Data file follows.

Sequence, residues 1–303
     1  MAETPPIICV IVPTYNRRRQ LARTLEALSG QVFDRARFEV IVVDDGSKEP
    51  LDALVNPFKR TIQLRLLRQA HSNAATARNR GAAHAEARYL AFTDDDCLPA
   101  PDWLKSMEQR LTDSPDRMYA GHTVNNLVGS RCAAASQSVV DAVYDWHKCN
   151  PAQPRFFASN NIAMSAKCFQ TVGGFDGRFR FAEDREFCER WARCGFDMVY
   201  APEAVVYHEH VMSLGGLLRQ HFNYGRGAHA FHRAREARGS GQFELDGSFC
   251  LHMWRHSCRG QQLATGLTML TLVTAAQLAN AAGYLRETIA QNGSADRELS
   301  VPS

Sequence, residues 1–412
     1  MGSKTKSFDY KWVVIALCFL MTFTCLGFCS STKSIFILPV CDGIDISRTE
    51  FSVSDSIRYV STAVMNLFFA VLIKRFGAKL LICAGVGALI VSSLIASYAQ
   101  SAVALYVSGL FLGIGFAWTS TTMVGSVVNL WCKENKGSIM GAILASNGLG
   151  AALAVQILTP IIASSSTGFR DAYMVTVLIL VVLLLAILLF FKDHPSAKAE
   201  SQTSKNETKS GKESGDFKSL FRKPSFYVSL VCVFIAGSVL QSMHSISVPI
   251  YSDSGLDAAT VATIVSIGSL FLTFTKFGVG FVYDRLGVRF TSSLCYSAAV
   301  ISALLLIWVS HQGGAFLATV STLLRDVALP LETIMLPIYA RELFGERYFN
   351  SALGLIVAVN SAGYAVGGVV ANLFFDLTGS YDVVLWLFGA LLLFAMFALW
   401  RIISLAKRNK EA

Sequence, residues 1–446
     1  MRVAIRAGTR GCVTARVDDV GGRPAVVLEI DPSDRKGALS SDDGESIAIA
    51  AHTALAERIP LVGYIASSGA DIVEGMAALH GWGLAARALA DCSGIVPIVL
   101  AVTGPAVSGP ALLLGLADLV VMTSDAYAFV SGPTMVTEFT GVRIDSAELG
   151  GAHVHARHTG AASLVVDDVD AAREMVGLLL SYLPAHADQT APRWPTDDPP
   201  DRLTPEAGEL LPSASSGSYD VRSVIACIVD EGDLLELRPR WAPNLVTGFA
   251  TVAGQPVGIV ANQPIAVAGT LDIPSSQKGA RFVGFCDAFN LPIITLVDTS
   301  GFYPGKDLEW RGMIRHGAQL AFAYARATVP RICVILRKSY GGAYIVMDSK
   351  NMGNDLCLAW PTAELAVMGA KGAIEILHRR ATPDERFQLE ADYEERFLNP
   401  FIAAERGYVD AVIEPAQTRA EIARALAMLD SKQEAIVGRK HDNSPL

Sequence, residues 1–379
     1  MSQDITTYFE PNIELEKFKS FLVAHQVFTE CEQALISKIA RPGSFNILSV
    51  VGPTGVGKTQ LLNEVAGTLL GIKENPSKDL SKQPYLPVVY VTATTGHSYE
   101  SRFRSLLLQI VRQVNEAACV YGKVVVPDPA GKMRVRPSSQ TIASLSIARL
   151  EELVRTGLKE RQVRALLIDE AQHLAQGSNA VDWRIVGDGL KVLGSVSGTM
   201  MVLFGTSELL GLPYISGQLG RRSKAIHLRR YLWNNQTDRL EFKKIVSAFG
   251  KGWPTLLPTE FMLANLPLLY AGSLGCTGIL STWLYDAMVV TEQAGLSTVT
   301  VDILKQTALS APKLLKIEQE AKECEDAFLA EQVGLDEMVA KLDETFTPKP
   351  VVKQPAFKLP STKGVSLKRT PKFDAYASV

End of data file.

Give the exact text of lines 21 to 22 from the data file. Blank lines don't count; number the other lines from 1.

    51  AHTALAERIP LVGYIASSGA DIVEGMAALH GWGLAARALA DCSGIVPIVL
   101  AVTGPAVSGP ALLLGLADLV VMTSDAYAFV SGPTMVTEFT GVRIDSAELG